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Educational Innovations Through 'learn And Serve" Projects

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1999 Annual Conference


Charlotte, North Carolina

Publication Date

June 20, 1999

Start Date

June 20, 1999

End Date

June 23, 1999



Page Count


Page Numbers

4.216.1 - 4.216.4

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Paper Authors

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Phyllis Sperling

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NOTE: The first page of text has been automatically extracted and included below in lieu of an abstract

Session 2606

Educational Innovations through “Learn and Serve” Projects

Phyllis Sperling Department of Architectural Technology New York City Technical College

In the beginning of my career as an architecture instructor I had first to learn the rudiments: how to get a point across, how to organize material, how to make this material interesting and vital. Once I learned the basics, I was ready to pursue creative approaches to teaching. I learned that sessions with students were more productive when I organized the subject matter around problem-solving projects rather than by “chalk and talk” lecturing. I discovered that students absorbed things faster and more permanently when the assigned projects were “real” rather than theoretical.

Some of my assignments required that I follow strict course outlines that left little room to explore or innovate. In other courses, however, I was given a list of “learning objectives,” which meant that I had some latitude to figure out how best to teach the subject. For these courses, I tried to develop complex projects that met several criteria: to involve students in original research, to insure that I, too, learn and develop as a professional, and to provide a service to the community or to the architecture profession.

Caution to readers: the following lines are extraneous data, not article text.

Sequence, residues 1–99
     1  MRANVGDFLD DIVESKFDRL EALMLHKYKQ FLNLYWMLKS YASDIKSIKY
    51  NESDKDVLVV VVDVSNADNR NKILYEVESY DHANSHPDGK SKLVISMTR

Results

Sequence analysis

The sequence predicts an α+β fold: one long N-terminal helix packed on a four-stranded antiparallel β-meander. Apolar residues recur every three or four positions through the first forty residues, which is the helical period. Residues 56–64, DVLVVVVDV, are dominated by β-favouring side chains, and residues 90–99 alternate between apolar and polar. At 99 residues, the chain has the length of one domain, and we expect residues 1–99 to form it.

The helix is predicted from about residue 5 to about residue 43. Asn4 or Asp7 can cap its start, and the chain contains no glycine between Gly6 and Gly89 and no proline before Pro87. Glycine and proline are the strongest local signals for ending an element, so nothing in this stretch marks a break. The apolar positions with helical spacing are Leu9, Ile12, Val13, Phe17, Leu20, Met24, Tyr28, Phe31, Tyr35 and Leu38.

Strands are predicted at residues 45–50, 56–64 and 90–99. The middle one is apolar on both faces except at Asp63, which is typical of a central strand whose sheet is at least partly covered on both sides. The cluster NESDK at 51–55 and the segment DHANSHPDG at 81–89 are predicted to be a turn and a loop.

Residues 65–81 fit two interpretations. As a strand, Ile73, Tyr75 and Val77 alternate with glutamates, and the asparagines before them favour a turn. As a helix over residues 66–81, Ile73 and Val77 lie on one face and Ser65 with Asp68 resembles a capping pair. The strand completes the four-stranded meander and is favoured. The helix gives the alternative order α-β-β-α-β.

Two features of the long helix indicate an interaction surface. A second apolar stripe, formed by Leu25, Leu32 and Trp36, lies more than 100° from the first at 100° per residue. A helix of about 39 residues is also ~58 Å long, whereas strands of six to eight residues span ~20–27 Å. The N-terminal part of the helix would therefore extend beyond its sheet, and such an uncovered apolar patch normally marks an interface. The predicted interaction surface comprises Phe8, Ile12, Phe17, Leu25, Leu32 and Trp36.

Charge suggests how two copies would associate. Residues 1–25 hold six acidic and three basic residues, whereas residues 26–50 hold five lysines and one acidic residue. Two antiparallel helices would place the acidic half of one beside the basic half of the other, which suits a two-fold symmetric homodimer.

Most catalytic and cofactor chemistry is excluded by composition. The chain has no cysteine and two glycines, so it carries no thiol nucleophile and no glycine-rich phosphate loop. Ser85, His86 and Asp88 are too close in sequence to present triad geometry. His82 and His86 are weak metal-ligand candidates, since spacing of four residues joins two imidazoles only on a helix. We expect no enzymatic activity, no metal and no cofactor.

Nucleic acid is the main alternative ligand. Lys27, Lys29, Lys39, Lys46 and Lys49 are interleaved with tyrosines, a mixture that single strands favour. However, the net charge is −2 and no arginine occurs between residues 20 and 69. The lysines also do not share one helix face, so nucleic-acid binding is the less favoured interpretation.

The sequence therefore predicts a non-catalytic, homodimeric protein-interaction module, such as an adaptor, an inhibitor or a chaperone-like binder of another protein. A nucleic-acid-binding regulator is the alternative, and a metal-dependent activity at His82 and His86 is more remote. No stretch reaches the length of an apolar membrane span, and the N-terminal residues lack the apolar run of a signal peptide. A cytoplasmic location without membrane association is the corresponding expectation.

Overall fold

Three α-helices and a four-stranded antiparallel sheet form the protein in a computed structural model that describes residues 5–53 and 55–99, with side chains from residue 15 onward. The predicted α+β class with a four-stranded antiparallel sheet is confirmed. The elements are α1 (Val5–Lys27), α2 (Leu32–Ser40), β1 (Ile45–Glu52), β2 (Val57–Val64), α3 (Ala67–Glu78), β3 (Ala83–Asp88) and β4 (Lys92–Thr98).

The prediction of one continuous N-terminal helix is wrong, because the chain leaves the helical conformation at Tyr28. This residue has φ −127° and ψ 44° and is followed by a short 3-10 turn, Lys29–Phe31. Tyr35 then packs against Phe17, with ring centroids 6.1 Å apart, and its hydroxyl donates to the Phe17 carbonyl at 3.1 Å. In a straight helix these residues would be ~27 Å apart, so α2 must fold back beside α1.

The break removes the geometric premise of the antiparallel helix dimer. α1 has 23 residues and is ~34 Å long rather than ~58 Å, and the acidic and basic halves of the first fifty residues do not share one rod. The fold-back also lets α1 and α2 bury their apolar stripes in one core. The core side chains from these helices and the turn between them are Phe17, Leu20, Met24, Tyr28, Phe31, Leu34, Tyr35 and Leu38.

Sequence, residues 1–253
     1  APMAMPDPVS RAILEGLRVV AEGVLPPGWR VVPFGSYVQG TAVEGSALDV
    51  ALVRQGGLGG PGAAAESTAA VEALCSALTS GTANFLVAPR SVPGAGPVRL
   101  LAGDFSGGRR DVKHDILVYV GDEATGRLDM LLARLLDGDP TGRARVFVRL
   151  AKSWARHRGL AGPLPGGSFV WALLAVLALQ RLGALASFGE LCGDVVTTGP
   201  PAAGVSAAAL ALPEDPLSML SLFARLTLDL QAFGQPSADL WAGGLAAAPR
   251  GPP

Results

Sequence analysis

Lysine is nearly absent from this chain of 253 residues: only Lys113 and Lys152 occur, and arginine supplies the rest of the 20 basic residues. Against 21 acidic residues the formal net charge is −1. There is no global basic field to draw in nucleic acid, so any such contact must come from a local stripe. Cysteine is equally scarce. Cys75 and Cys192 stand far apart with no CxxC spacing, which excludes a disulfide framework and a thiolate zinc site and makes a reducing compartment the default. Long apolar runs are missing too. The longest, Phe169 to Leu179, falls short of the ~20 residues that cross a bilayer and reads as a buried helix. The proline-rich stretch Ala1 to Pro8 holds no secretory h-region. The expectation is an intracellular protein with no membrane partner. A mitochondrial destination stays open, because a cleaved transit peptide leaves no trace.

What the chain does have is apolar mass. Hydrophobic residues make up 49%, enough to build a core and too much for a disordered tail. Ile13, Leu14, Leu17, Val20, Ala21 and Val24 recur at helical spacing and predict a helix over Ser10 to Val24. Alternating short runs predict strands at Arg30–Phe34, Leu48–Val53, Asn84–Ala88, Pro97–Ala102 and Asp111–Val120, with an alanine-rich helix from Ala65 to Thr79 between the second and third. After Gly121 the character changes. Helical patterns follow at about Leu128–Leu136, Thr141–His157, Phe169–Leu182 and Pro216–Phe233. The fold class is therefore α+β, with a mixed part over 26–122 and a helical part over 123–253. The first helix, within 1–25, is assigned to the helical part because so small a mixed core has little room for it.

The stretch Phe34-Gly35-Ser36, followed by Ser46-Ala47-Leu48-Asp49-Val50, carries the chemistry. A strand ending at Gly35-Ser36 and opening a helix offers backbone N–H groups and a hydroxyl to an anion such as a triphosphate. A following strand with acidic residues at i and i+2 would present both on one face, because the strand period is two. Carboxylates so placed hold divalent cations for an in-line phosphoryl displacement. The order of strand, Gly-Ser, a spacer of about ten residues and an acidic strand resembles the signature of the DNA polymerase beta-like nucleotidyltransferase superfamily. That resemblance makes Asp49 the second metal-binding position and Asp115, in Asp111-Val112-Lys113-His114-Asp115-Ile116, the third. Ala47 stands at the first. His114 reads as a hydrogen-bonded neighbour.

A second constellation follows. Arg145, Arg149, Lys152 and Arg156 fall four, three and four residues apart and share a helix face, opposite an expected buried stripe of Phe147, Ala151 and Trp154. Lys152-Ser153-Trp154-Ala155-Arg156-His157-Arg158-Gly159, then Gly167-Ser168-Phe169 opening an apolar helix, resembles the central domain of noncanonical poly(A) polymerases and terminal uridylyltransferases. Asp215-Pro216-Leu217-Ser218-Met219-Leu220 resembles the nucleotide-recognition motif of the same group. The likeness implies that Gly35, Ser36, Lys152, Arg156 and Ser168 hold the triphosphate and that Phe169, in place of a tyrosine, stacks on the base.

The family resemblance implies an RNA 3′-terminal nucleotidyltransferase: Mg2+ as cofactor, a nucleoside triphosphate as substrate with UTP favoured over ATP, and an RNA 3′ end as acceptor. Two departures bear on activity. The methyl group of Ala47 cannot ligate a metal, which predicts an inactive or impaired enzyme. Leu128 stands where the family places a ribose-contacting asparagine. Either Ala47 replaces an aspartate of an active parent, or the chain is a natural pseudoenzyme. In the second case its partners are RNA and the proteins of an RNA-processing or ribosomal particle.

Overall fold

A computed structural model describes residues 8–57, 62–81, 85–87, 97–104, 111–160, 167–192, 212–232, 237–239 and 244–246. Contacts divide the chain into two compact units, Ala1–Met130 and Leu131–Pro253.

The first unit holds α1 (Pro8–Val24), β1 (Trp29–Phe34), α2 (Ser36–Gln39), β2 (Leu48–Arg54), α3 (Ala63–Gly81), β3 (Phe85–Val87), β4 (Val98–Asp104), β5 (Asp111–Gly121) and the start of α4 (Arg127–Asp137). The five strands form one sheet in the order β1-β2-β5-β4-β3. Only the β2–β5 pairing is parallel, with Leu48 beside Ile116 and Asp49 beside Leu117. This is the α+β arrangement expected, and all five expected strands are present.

I was not alone in this pursuit. Over the years, some of my department colleagues had integrated community service projects into their coursework. When a large section of downtown Brooklyn adjacent to the college was being planned as the MetroTech Urban Revitalization Area, one of our instructors volunteered his site-planning class to design the “street furniture”-- lamp posts, parking and street signs, etc. Much of their design work was incorporated in the final streetscape. A more recent MetroTech project (integrated into a model-making course) involved the construction of models showing New York City’s “urban” gardens and vest pocket parks.

Another colleague offered the services of his class to the Bronx community surrounding Yankee Stadium; the City had cited the area for urban renewal, but an ad hoc community group objected that this plan would demolish their neighborhood. They chose to demonstrate to the city planning commission that most of the existing housing and commercial buildings could be rehabilitated without disrupting the neighborhood’s vitality. Working with the community group, our students constructed a model of a four block area that demonstrated how the plan could work. When the model was completed, the community scheduled a press conference which received a great deal of publicity. Photographs of the model, and our smiling students, appeared in all the city’s newspapers.

A few years ago, working with the New York City Fire Department, my design class researched and designed a new “state of the art” firehouse for downtown Brooklyn. This project piqued my students’ interests. We visited existing stations, interviewed firefighters and followed them around for many hours. We studied crisis response time, traffic patterns around the site, interior

Sperling, P. (1999, June), Educational Innovations Through 'learn And Serve" Projects Paper presented at 1999 Annual Conference, Charlotte, North Carolina.

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